RMD Waiver (and Confusion) in 2020 (Pt. 2)

May 12, 2020


Beneficiary RMDs and the SECURE Act

The Setting Every Community Up for Retirement Enhancement (SECURE) Act changed the post-death distribution rules for designated beneficiaries (DBs) of retirement-plan accounts (other than defined benefit plans). The change applies to DBs of account owners who die in 2020 or later. It requires a DB to cash out the inherited account by 12/31 of the year that contains the tenth-year anniversary of the account owner’s death. This is the new 10-year rule.

A DB is an individual who is not an eligible designated beneficiary (EDB). An EDB is either the account owner’s surviving spouse or minor child (younger than age 18) or an individual who is disabled, chronically ill, or not more than 10 years younger than the account owner.

Importantly, the SECURE Act does not change the postdeath distribution rules for entities. Nor does it change these rules for designated beneficiaries of account owners who died in 2019 or earlier1.
It creates slightly modified post-death distribution rules for EDBs. The most significant modification is for the account owner’s minor children who must toggle from a life expectancy payout to the new 10-year rule at age 18.


The Setting Every Community Up for Retirement Enhancement (SECURE) Act changed the post-death distribution rules for designated beneficiaries
Pacific Life Annuities | Designated Beneficaries Table
* For entities, the five-year rule applies when the IRA owner dies before April 1 of the year following the year of his or her first required distribution. This April 1 date is known as the owner’s required beginning date (RBD). Alternatively, the deceased IRA owner’s “ghost” life expectancy becomes the distribution rule when the IRA owner dies on or after this April 1 date.


Beneficiary RMDs and the CARES Act

As noted, the CARES Act waives RMDs for beneficiaries of retirement plans (other than defined benefit plans), including IRAs and Roth IRAs, in 2020. Here’s a breakdown of this relief.

  • Go-Getters. Beneficiaries (other than surviving spouses) who have already taken some or all of the required distribution due in 2020 will not be able to change their decisions. There is no rollover option. Surviving spouses, however, do have the rollover option (refer to Part 1 of this blog).

  • Five-year payout. For beneficiaries (of owners who died sometime between 2014 and 2019) using the five-year payout period, the five-year period is determined without regard to calendar-year 2020. This is similar to the RMD relief provided by the Worker, Retiree, and Employer Recovery Act of 2008 (WRERA) for 2009 RMDs.

  • Ten-year payout. The CARES Act does not mention the new 10-year rule introduced by the SECURE Act. Most likely, this is because the rule applies to beneficiaries of owners who die in 2020 or later, and, as a result, the waiver does not apply (see example below).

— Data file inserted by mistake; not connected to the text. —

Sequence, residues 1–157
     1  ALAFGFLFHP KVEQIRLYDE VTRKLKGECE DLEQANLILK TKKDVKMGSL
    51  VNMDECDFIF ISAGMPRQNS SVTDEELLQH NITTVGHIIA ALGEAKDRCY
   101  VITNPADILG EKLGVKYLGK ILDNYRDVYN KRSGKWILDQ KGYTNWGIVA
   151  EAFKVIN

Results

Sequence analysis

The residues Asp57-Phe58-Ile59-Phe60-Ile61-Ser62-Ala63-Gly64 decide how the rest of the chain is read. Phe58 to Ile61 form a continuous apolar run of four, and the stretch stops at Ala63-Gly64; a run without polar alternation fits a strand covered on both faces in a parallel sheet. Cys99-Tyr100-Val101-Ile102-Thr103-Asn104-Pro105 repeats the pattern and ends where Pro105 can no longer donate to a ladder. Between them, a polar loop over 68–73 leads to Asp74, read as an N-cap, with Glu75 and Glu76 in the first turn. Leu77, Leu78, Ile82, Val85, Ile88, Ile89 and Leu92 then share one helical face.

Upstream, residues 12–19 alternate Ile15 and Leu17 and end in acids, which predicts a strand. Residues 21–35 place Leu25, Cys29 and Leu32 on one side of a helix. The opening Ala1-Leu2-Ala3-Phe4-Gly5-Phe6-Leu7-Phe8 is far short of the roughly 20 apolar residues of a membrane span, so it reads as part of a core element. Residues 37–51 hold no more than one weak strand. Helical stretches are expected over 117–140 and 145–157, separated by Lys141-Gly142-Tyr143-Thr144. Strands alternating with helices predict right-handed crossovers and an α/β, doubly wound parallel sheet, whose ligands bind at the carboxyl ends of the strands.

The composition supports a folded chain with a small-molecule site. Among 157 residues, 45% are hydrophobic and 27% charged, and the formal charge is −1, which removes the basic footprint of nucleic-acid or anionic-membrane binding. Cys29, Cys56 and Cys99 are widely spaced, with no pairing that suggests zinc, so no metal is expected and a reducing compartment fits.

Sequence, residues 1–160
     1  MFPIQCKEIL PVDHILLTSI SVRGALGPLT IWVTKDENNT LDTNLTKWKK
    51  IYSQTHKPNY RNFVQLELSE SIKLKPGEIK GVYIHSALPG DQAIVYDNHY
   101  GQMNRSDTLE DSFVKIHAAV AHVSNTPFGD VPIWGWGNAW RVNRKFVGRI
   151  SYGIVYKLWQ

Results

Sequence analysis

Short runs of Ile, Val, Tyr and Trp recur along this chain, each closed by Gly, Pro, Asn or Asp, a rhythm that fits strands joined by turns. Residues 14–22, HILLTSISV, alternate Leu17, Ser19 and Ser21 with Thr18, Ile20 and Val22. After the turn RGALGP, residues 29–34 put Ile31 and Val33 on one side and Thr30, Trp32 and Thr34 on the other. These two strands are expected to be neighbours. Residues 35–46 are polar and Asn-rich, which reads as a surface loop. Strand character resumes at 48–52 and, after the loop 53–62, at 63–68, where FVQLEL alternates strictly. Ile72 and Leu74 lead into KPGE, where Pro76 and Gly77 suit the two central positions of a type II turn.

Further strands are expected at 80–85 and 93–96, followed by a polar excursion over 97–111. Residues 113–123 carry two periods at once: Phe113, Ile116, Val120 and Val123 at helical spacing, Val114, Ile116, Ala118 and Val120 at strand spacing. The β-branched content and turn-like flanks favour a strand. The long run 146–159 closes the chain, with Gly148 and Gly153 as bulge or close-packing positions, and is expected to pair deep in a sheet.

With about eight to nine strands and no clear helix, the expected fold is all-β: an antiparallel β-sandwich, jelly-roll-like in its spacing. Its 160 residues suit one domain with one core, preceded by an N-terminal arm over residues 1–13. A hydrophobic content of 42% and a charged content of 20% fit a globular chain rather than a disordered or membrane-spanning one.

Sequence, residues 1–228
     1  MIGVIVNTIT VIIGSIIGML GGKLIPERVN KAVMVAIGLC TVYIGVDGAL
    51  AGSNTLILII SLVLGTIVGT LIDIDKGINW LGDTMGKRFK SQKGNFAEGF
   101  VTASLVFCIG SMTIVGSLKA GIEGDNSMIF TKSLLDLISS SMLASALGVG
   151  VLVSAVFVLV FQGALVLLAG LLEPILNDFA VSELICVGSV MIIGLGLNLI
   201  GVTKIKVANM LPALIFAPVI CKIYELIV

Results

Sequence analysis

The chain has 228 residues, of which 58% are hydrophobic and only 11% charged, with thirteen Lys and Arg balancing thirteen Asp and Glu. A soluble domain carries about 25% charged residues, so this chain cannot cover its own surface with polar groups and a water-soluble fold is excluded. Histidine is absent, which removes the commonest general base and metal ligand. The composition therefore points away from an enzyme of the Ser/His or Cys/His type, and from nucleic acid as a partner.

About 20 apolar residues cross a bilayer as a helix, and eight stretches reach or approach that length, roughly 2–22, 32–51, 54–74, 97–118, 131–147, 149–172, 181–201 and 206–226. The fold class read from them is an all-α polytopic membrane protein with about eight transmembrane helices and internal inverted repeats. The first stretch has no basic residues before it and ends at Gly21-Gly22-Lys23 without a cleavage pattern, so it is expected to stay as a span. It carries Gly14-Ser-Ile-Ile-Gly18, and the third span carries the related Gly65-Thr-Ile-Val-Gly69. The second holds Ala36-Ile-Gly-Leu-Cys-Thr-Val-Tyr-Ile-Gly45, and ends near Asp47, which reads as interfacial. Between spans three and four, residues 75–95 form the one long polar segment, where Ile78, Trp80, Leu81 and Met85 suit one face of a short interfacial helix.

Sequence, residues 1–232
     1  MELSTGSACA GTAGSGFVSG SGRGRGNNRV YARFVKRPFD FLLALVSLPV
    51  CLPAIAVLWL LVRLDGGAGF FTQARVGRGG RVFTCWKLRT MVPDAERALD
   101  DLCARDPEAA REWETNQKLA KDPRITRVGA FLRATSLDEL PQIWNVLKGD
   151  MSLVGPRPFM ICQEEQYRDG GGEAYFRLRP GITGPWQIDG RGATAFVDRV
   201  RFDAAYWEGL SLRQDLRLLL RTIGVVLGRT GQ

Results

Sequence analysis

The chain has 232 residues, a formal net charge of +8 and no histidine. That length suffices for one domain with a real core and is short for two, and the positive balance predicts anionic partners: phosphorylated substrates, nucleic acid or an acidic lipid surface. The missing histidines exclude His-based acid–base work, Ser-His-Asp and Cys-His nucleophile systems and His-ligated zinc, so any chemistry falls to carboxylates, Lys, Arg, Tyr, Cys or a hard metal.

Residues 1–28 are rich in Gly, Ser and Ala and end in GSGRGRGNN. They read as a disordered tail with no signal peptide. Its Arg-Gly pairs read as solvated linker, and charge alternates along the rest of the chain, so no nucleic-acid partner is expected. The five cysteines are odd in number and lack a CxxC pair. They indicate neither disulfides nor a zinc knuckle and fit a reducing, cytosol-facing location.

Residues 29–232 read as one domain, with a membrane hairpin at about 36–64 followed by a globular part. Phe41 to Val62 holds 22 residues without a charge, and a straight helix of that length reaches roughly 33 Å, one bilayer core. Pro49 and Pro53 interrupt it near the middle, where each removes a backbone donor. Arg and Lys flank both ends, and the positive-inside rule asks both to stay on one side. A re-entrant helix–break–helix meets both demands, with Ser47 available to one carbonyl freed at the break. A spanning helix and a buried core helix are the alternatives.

• Life expectancy payout. For beneficiaries using a life expectancy payout, the annual RMD due in 2020 is waived.

Here are a Few Examples

  • Jack died in late 2019 at age 69, a few years before his RBD. Since he never got around to naming a beneficiary for his IRA, the IRA agreement, by default, names his estate. As an entity, his estate is required to use the five-year rule. Without the CARES Act, the distribution deadline for the estate would have been 12/31/24. Because of the CARES Act, this deadline is extended to 12/31/25.

  • Jack died in late 2019 at age 75. He left his IRA to his daughter Jill, who turns age 50 in 2020. Under the grandfather rule, Jill may take distributions over her life expectancy based on her age in the year following Jack’s death (that is, her age on 12/31/20 (age 50)). Jack’s year of death (2019) RMD is not waived by the CARES Act. However, Jill’s first-year RMD (based on her life expectancy) that is due in 2020 is waived.

  • Jack died in early 2020 at age 75. He left his IRA to his daughter Jill, who turns age 50 in 2020. Under the SECURE Act, Jill must use the new 10-year rule as the distribution method for the inherited IRA. This means that Jill will have to cash out the inherited IRA no later than 12/31/30, the year that contains the tenth-year anniversary of Jack’s death. Jack’s year of death (2020) RMD is waived by the CARES Act. Since Jill’s 10-year payout begins in 2021, it seems unlikely that Jill’s 12/31/30 deadline is extended until 12/31/31 by the CARES Act. Further guidance from the IRS may answer this novel question definitively.

Putting It All Together

2020 is likely to be a confusing time for retirement-plan account beneficiaries for many reasons, including RMDs. We hope the information in this post helps.

For additional information about the SECURE Act or the CARES Act, please contact the Retirement Strategies Group at (800) 722-2333, or email us at RSG@PacificLife.com.


1A successor beneficiary to a deceased designated beneficiary who was taking distributions over life expectancy under the “grandfathered rule” is now required to use the new 10-year rule rather than the deceased designated beneficiary’s remaining “ghost” life expectancy.


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